How to Find the Right Balance Between Essential Visits and Telemedicine During COVID-19

July 15, 2020

Dr. Pat Basu, president and CEO of Cancer Treatment Centers of America discusses the fear surrounding cancer screenings during the COVID-19 pandemic and finding the right balance between what is an essential visit and what can be done using telemedicine.

As COVID-19 cases continued to increase across the United States at the onset of the pandemic, many elective treatments and routine visits to hospitals and clinics were canceled or moved online. For patients with cancer, this has led to a transition to telehealth to make up for canceled visits. But not all visits can be conducted over a video call, mainly, cancer screenings.

In an interview with CURE®’s sister publication, Cancer Network, Dr. Pat Basu discussed a “shadow curve” with the potential to further disrupt the cancer space as patients are forced to delay their screenings, which means that patients with cancer may not have their disease detected until it’s an later stage.

Basu, president and CEO of Cancer Treatment Centers of America, elaborated on the fear surrounding in-person cancer screenings during the pandemic and how to find the right balance between at home treatments and essential visits.

CURE: It seems that a lot of people don't see cancer screening as a necessity right now, and kind of fear that they're more in danger should they go in clinic, rather than just not getting screened at all. What would you say to those people who have those kinds of fears?

Pat Basu: I would say number one, I understand their fear in a world of uncertainty. It’s perfectly normal.

Number two, it's a false choice. Right now, in society, we're facing so many false choices. I won't go through all of them, but t's either black or white, right? It's either we don't treat your cancer and the patient dies from that or we know we just frivolously expose you to infectious diseases, so that's not the case.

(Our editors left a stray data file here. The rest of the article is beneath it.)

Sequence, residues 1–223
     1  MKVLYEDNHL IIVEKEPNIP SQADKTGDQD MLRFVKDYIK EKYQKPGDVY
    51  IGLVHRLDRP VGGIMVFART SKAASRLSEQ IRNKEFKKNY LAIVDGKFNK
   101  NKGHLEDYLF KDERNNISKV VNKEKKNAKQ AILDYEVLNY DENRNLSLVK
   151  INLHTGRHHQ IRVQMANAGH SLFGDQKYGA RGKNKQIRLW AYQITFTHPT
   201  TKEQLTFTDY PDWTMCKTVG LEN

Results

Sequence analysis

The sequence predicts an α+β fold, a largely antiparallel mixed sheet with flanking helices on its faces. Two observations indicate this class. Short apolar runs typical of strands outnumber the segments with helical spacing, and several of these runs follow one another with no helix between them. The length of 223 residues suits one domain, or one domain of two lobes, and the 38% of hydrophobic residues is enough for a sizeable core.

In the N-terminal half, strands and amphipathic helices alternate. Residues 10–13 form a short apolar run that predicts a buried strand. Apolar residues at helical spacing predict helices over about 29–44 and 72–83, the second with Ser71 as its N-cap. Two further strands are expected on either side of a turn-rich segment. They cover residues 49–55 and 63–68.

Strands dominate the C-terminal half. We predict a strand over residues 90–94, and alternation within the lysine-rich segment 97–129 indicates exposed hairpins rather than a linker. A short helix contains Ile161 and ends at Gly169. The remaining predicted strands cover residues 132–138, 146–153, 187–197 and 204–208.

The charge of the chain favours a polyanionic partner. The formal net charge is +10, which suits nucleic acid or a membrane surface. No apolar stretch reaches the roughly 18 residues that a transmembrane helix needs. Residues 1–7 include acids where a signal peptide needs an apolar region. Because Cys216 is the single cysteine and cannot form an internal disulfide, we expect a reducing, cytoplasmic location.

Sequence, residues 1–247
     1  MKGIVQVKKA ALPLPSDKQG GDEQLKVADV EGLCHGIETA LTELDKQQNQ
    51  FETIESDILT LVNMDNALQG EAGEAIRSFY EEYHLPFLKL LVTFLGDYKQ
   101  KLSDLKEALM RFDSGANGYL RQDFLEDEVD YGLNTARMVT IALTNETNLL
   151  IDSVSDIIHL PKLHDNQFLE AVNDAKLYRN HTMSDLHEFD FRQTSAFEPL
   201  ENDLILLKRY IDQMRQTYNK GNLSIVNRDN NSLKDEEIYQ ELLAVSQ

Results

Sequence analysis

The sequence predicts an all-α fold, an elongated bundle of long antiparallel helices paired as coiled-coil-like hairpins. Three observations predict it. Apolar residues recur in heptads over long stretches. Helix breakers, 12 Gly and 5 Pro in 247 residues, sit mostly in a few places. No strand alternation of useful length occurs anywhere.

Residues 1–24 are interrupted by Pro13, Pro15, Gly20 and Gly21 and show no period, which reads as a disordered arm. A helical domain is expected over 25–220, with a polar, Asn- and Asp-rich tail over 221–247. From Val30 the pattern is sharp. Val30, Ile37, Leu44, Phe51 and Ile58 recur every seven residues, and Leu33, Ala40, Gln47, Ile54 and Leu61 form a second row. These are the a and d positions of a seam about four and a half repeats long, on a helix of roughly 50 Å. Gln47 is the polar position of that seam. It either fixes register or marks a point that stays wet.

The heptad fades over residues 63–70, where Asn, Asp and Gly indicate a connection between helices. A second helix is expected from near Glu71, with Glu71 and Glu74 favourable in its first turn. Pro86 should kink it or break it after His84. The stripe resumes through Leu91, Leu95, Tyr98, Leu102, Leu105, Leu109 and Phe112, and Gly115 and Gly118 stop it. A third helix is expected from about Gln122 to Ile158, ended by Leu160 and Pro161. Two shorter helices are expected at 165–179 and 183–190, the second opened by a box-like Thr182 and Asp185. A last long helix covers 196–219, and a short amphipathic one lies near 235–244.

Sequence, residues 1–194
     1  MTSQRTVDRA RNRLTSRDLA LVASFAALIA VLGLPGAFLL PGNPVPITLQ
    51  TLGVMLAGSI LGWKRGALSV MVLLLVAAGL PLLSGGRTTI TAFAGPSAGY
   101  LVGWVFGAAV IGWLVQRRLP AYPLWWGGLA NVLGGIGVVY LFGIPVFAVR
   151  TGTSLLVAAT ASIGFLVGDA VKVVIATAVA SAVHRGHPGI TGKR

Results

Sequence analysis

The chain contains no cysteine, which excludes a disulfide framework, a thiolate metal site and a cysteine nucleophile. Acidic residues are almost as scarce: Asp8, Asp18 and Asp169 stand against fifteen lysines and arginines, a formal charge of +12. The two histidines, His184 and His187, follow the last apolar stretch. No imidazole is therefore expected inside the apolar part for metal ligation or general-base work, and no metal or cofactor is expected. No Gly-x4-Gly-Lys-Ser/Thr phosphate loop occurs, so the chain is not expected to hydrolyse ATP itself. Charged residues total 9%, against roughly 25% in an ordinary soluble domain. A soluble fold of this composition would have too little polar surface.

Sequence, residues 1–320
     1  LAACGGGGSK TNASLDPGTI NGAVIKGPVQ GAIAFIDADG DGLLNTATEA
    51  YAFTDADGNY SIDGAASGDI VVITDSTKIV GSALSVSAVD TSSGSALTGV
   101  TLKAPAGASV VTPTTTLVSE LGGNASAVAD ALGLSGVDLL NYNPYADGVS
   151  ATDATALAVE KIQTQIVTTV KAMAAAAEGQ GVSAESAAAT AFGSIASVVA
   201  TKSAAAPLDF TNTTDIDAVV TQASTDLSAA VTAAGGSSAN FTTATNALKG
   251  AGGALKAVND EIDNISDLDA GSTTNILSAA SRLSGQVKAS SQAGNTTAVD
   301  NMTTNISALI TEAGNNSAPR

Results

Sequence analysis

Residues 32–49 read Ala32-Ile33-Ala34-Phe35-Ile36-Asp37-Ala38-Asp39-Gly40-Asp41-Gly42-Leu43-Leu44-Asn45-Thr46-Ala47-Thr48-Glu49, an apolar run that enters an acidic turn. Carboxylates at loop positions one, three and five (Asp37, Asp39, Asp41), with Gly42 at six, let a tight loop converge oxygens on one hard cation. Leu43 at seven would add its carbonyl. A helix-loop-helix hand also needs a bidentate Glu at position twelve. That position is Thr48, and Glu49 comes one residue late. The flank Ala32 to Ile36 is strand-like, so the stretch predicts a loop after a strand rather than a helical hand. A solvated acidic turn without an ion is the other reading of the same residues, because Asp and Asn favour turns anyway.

Third, and perhaps most importantly, is you cannot miss your screening. You cannot miss your diagnosis. You cannot miss your treatment. There are 10 million people around the world this year that will die from cancer. One out of three Americans in their lifetime will be diagnosed with cancer. This year alone, about 1.7 million Americans will be diagnosed with cancer, the bedrock of therapy in cancer and for the last couple of decades has been catch it early, treat it consistently and treat it completely.

That has to be the case, or we are going to have hundreds of thousands, if not millions, of patients that are adversely affected by missing their cancer treatments, diagnosis or screening, if we don't take this seriously. So, I would just remind people that during crises there is a part of our brain that sort of takes over from the emotional, what's the near and dear kind of thing that is in the news all the time, right?

And in the news, all the time right now, is COVID-19. And it's a very serious illness. It's not to be ignored. But you know, 10 million and people around the world will be diagnosed with (and) will die from cancer. That's the story that's not being told consistently.

Knowing what we know now, do you think that there will be more of a focus moving forward on cancer treatments that can take place in a patient's home rather than in clinic?

I do. I really do.

I had helped co-found a telehealth company, and so, I'm a big fan of what telehealth can do, but I have a deep understanding of what telehealth cannot do.

In the year 2020 there are some things that can be done and some that I can't wait for the day when the iPhone can, you know, do surgery and radiation therapy but for now there’s a lot more we can do. Including remote monitoring to understand your symptoms, and potentially, we're exploring a lot of at home infusion of your medications.

So those types of things can be done for diagnosis and maintenance when it's done in a proper environment. But there is another consideration, which if you are in the active phase of treatment, that tumor needs to be surgically removed. It needs to be radiated, or you need to get the initial phase of the active chemotherapy treatment that requires you to come in and the best combination honestly is both.

At Cancer Treatment Centers of America, I believe that for the heavier part of the treatment, because there's no replacement to coming in, that the patient comes in. But then for surveillance, for maintenance and for some of those other things, they can get that through an at-home program.

For more on Dr. Basu’s interview, watch here.


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